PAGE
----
The 150,000-foot casino features live dealers on all your favorite table games and slots from a nickel a spin to $100. Favorite games include Wheel of Fortune, Blazing 7s, Wild Cherry, Five Times Pay, Cats N Dogs, Triple Bonanza and Triple Diamond. Lock & Roll & Roll games give you two chances to win, while Raffle Reels earn you entries into drawing. The latter is unique to Harrah’s.
With 10 dining spots, nobody leaves the resort hungry. From a cup of coffee at Dunkin Donuts and Asian at the Noodle Bar to a sandwich at Winning Streaks Deli or Pizzeria UNO Express, the food is fresh and delicious. Paula Deen’s Kitchen features Southern dishes. Chef’s Stage Buffet and the upscale Ruth’s Chris Steak House are other tempting choices.
Big-name entertainers grace the stage of Harrah’s Cherokee Casino Resort. From country artists like Dwight Yoakam and Josh Turner to rock stars like Billy Idol, the stage is set.
The Piedmont, with its gentle rolling foothills, fuels the state’s economic engine. Financial institutions, research, textile and furniture manufacturing, farming, shopping, golf resorts, motorsports and numerous historic sites combine to make the state’s largest region a vibrant destination. Charlotte rolled out the red carpet for the 2013 American Bus Association Marketplace.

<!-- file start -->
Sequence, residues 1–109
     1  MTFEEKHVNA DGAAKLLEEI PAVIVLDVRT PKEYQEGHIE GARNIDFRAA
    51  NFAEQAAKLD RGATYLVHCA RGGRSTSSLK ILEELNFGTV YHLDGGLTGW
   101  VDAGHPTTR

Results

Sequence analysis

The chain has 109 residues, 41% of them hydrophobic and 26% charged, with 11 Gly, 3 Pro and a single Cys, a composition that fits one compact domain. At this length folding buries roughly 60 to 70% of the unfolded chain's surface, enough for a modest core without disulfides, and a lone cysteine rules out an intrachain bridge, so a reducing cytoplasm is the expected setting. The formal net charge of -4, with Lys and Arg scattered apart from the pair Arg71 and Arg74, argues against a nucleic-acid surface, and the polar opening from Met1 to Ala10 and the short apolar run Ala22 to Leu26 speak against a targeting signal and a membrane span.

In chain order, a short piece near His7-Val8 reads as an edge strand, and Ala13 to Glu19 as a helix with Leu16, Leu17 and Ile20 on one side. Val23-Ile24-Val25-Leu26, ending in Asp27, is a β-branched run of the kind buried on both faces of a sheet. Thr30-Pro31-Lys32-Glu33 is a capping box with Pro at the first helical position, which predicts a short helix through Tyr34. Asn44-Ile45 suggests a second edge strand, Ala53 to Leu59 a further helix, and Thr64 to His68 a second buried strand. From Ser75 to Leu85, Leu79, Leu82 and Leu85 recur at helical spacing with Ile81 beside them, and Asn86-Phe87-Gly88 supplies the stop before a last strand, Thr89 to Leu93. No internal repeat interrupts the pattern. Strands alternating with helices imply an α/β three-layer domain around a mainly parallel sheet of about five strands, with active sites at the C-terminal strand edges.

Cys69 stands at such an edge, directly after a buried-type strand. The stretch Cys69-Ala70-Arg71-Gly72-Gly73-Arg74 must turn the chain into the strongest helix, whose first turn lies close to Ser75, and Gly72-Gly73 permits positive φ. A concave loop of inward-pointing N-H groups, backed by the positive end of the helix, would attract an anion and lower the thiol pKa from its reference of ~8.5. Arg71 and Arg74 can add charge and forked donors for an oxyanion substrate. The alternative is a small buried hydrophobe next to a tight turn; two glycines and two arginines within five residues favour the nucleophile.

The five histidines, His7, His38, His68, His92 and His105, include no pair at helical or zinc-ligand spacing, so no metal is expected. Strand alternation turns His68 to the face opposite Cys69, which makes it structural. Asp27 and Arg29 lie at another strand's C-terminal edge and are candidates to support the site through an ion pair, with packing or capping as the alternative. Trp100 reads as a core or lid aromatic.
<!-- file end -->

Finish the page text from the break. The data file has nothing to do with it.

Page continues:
Welcoming all groups to Charlotte is the Billy Graham Library, a building fashioned after a dairy farm suggestive of where “America’s Pastor” grew up and first found Christ at a revival. Organizational themes focus on “The Man,” “The Ministry,” “The Message” and “The Mission.”
The reconstructed Graham Family Homeplace is a short walk from the library. Many bricks from the original building, along with the wood flooring on the first floor, were used. Family memorabilia and furnishings add to the authenticity of the home, originally located four miles away.
The Graham Brothers Dairy Bar, with its stall-like booths and family photos, beckons you to try a milkshake or ice cream. A fun menu that’s perfect for groups features many family lunch favorites. Complete your visit with a stop at Ruth’s Attic Bookstore, where rare and special editions authored by Billy and Ruth Graham are available. Evangelical works, Christian classics, inspiring sermons on DVDs and music CDs are all offered.
Just 45 minutes north of Charlotte, on I-77 at I-40, sits Statesville and a variety of lodging options that provide a good base for exploring the region. Many major flag properties and locally owned accommodations are available. There’s also much to see in Statesville.
The Historic Sharpe House was completed in 1866 with Classic Revival style elements of design. Located near downtown Statesville, it was originally built outside the city limits and overlooked 13 acres of farmland. Tours are available by appointment.
It’s not if Statesville guests will shop, it’s simply when. From downtown specialty stores and boutiques to an antique mall to outlets, you’re sure to find that perfect item. With more than 40 dealers and an auction house, Resettlers Antique Mall & Auctions is a great place to start.